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Posts Tagged ‘F-1 OPT’

F-1 Students; Cap-Gap Extension; Unlawful Presence

October 11, 2018 Leave a comment

F-1 visa-holding students who are currently in cap-gap status are not authorized to work beyond September 30, 2018.

Cap-Gap Explained: The immigration law allows an F-1 student who is the beneficiary of a timely filed H-1B cap-subject petition requesting a change of status to H-1B on Oct. 1, to have his or her F-1 status and any current employment authorization extended through Sept. 30. This is known as “cap-gap”,  i.e. the law provides a way of filling the “gap” between the end of F-1 status and the beginning of H-1B status that might otherwise occur. The “cap-gap” period starts when an F-1 student’s status and work authorization expire, and they are extended through Sept. 30, with Oct. 1 being the requested start date of their H-1B employment, unless otherwise terminated or the H-1B petition is rejected or denied prior to Oct. 1.

What happens on or after October 1:  If an F-1 student availed cap-gap extension to stay and work in the U.S. until September 30 and such F-1 student’s H-1B change of status petition remains pending adjudication as of October 1, 2018 and continues to be so, then:

  • Such F-1 student must cease employment on October 1 (working on or after Oct 1 results in accrual of unlawful presence subjecting the F-1 to potentially be removed from U.S.);
  • Such F-1 student may however remain in the U.S. until the H-1B petition is adjudicated (approved, rejected or denied)

Employers currently employing F-1 students in cap-gap situation should notify such F-1 student-employees of the foregoing situation ideally in writing and remove such employees off the payroll and not allow them to work.  Be sure to clearly explain that the student may remain in U.S. until the H-1B is adjudicated.  The above cap-gap rule does not apply to F-1 students holding valid Optional Practical Training (OPT) work authorization (initial OPT or STEM OPT) which is valid beyond October 1 and it does not apply to F-1 students who are work-authorized pursuant to Curricular Practical Training (CPT).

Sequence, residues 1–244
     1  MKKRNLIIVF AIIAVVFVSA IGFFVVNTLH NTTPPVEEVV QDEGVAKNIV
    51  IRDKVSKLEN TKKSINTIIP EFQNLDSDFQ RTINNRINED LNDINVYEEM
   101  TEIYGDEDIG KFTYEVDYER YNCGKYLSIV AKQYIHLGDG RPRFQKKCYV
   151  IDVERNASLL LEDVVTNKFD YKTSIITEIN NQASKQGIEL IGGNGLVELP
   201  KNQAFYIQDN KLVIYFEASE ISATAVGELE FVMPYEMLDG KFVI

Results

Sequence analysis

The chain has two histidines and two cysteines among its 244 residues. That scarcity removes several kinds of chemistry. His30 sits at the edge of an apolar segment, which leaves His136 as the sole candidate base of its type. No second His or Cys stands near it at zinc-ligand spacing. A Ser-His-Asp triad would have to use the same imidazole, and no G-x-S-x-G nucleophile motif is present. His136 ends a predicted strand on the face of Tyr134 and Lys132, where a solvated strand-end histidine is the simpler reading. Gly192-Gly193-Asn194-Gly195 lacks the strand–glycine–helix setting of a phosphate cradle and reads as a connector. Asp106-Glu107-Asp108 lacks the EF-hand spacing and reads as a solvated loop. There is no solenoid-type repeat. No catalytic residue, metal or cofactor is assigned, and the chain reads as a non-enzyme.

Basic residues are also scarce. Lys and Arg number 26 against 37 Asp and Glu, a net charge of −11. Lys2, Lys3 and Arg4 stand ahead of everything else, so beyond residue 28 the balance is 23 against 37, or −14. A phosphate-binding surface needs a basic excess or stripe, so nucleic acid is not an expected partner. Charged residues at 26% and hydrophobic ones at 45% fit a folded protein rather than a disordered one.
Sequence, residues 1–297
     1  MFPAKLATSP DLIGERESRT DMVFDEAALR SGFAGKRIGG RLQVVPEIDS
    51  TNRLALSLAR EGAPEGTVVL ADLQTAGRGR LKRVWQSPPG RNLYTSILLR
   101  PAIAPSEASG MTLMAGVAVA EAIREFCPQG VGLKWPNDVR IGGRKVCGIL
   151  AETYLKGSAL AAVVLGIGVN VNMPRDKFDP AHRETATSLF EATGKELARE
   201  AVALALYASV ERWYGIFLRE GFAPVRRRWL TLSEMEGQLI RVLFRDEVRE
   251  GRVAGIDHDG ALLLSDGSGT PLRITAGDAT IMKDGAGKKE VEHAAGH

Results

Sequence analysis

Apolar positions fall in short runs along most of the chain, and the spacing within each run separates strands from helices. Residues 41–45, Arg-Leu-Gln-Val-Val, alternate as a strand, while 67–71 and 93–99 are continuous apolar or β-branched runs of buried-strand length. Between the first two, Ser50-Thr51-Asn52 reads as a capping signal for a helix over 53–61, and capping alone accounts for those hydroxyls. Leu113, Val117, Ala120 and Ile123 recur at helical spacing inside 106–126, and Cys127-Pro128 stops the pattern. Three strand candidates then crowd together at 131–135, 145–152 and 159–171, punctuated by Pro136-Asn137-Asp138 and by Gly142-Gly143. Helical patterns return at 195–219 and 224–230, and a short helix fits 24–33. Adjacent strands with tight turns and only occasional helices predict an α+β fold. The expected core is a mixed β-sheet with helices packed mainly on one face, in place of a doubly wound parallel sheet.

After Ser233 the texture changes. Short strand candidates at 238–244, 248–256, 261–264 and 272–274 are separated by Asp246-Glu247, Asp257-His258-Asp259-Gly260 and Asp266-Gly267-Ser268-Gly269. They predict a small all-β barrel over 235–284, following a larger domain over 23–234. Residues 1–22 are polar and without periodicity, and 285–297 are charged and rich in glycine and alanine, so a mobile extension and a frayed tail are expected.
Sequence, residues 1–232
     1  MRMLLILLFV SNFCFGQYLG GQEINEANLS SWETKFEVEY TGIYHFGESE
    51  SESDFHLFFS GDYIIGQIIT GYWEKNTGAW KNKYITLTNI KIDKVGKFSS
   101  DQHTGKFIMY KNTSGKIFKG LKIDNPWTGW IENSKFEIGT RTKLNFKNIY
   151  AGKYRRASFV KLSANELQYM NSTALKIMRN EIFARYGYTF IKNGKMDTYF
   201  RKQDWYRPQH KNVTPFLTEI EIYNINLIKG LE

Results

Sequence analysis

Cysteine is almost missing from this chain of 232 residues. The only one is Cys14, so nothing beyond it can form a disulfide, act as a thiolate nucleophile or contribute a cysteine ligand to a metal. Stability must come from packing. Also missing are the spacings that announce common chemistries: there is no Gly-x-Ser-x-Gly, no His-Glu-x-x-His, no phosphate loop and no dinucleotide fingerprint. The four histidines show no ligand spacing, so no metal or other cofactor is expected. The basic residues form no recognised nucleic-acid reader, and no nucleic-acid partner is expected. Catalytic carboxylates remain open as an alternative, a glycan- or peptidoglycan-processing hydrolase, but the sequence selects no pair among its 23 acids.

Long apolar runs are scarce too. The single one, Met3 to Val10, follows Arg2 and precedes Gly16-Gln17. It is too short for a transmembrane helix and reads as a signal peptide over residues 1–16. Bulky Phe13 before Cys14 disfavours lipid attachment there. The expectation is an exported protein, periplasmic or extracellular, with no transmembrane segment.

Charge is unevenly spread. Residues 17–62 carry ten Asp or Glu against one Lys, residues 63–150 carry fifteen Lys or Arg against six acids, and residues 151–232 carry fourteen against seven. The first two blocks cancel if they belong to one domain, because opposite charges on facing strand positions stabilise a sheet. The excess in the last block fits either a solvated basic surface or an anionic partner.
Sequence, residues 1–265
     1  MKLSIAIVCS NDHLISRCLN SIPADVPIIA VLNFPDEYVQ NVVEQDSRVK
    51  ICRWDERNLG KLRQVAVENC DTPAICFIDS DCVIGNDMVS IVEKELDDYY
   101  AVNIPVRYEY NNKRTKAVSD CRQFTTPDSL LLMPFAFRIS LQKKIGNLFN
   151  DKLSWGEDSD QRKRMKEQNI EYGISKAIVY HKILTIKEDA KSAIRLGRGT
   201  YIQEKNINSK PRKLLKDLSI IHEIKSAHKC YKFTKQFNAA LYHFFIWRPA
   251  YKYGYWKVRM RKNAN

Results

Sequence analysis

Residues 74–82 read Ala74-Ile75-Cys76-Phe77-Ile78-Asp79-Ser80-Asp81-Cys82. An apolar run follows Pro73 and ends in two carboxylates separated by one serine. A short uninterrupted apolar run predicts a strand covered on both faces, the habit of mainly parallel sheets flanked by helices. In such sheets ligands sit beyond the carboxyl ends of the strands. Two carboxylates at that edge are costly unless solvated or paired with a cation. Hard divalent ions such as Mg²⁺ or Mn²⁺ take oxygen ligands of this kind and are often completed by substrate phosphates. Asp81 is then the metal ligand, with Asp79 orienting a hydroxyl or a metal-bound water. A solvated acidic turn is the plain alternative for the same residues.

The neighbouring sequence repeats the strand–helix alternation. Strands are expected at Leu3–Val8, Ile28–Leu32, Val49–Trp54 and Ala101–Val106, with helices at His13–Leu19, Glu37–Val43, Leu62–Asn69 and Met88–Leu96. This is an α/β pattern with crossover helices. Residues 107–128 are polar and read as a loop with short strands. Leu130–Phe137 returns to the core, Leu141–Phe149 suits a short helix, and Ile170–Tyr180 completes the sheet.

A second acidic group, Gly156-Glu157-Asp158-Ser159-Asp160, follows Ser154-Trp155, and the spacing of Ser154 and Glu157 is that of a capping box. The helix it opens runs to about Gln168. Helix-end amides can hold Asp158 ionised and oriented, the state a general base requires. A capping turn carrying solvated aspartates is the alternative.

24-Month STEM OPT Rule

March 12, 2016 Leave a comment

Final rule pertaining to STEM OPT has been published in Federal Register.  As per the rule, beginning May 10, 2016, students will be able to apply for STEM OPT for a period of 24 months.  The 17-month STEM OPT rule will remain in effect until May 9, 2016.

Few Points:

-If a 12-month OPT is expiring before May 10, 2016, students will be eligible to apply for STEM extension requesting no more than 17 months.

-If a 12-month OPT is expiring on or after May 10, 2016, students will be eligible to apply for STEM extension requesting 24 months.

-If a student has 17-month STEM approval, he or she may apply for the remaining 7 months of additional STEM extension.  There are three specific requirements surrounding this:

1) Properly file a Form I-765 on or after May 10, 2016 and on or before August 8, 2016, and within 60 days of the date the DSO enters the recommendation for the 24- month OPT extension into the student’s SEVIS record, with  fees and documents, including a new Form I-20 endorsed on or after May 10, 2016, indicating that the DSO recommends the student for a 24-month OPT extension, a completed and signed Form I-983 Mentoring and Training Plan.
2) Have at least 150 calendar days remaining prior to the end of his or her 17-month OPT extension at the time the Form I-765, is properly filed.
3) Meet all the requirements for the 24-month OPT extension, except the requirement that the student must be in a valid period of standard 12-month post-completion OPT at the time of filing.

More information will be posted as the USCIS releases guidance, instructions, and/or FAQs.

More STEM Degree Programs Added for F-1 OPT 17-Month Extensions

May 14, 2012 Leave a comment

The U.S. Department of Homeland Security announced that it added  a few more STEM degree programs to its list (STEM = Science, Technology, Engineering, and Math).  As of May 11,2012, it expanded the STEM degree programs list by adding such fields as pharmaceutical sciences, econometrics and quantitative economics.  A complete list of STEM designated degree programs may be found at http://www.ice.gov/doclib/sevis/pdf/stem-list.pdf  

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